If the first item for spouse teams to achieve success in their business and relationship is clarifying roles and responsibilities over outcomes, then the second item is to clarify those outcomes. Often I'll be on a coaching call with a couple and ask, "What do you want?" I deliberately leave that question open-ended because I want to hear where each spouse is focusing their attention.

The answers are typically undefined or nebulous outcomes. "I want to be debt free. I want to be happy again. I want to stop feeling disrespected. I want to start feeling like I can communicate. I want to start feeling like I'm running a business." They’re all noble and important feelings, but because they’re not specific, they’re also very hard things for others to help with. If you have these desired outcomes, your support system won’t know how to help you succeed.

When you have clear expectations around what you want, you’re far more likely to get it. So when you go about setting clear outcomes, think about them in terms of these questions, and be as specific as possible:

  • Where are you going?
  • What are you working toward?
  • What do you expect to happen?

I know that most entrepreneurs have a difficult time being clear about any one of these questions, let alone all three, let alone when they’re working with their spouse. But the clearer and more detailed you and your spouse can be in answering these questions, the more likely you’ll be able to work together and achieve them.

3. Establish a Communications Process

This is the big one. I’ll start by saying I don’t believe an entrepreneur can separate their work life from their personal life. I’ve never seen it happen. An entrepreneur is who you are, not what you do. So any communications process that works for your business needs to work for your life and marriage as well.

Having a communication process in your business is critical, but having this process in a marriage changes everything for the better. I’ve had the great opportunity to work with Fortune 500 executives, even self-made billionaires, and discovered that these people rely on communications processes. But the entrepreneurs I've worked with rely on communications skill.

The most successful entrepreneurs on the planet relied exclusively on communications processes because of their own communications deficiencies. They created ways to ensure communications happened was consistently and reliably. Here’s what that looks like.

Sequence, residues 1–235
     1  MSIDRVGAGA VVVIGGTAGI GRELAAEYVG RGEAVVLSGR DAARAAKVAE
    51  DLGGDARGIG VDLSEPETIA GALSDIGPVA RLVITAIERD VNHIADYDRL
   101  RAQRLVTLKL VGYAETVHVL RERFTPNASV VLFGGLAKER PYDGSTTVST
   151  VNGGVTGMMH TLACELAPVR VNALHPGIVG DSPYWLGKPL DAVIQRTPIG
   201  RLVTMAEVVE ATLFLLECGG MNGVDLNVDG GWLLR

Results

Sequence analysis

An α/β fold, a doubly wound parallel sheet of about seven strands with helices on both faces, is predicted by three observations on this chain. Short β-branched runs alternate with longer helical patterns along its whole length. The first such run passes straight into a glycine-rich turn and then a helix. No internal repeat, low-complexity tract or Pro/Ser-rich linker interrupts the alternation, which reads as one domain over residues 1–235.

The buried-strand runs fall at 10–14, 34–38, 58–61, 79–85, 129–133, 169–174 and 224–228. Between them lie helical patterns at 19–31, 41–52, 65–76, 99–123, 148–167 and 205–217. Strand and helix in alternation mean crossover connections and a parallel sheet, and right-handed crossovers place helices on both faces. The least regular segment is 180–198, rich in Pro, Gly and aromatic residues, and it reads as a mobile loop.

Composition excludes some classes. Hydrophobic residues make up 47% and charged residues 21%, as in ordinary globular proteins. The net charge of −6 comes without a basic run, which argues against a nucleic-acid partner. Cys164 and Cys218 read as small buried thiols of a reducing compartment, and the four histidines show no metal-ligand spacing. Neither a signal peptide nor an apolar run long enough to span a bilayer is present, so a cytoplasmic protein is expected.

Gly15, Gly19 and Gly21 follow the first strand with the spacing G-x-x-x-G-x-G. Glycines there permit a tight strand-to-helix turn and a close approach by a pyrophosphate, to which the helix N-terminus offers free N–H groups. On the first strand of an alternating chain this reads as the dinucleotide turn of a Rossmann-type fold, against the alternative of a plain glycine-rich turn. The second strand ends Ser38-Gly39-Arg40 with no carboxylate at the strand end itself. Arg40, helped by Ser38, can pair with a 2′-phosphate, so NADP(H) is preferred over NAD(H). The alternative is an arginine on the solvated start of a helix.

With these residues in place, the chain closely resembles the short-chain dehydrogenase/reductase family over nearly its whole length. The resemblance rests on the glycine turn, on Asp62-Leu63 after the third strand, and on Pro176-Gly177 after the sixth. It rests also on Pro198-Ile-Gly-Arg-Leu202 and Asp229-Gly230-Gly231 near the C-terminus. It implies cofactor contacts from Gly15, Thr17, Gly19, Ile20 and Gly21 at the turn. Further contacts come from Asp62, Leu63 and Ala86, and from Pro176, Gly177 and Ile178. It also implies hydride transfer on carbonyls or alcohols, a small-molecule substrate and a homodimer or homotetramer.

Specific communications happen at specific times on specific days. Whether meetings, memos or conference calls, the timing was absolute and so were the team members involved. These could be weekly executive meetings or monthly financial reviews with your spouse. Having them at the same date and time lets you anticipate the communications you need to have, and prepare accordingly.

Communications should also have steadfast rules, such as document formatting, strict meeting agendas and contingencies (if this happens, then that person provides an update). For spouses, this could even detail the ways in which to communicate with each other, for example: talking only about future decisions, not past ones; or we will only talk about this topic for 20 minutes.

By putting such systems in place, spouses will limit the stress and urgency around their own communications abilities, or the issues that have developed in their ability to communicate with each other. And since poor communications can be harmful to any relationship, I feel it's a requirement for spouses who work together create a communications process.

My wife Cadey once said: “Process in a marriage isn't sexy, but you have a lot more sex.” (Did I mention she’s brilliant?) And these processes have to work for your marriage and your business. If you work with your spouse and are having challenges in your marriage, I can’t stress enough how valuable it is to clarify your roles in the business, clarify the outcomes you’re driving toward, and then create a communications process so you can measure success and get perspective over time.

Working with your spouse is one of the biggest privileges an entrepreneur can experience. It's also one of the most difficult things we’ll ever do. If you follow these three steps, you can avoid marriage-business disasters and move into marriage-business success, because at the end of the day, any couple that works together is looking to create massive success together.

Here's to yours.

Only the Beginning: Succession Planning

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Do you have a succession plan?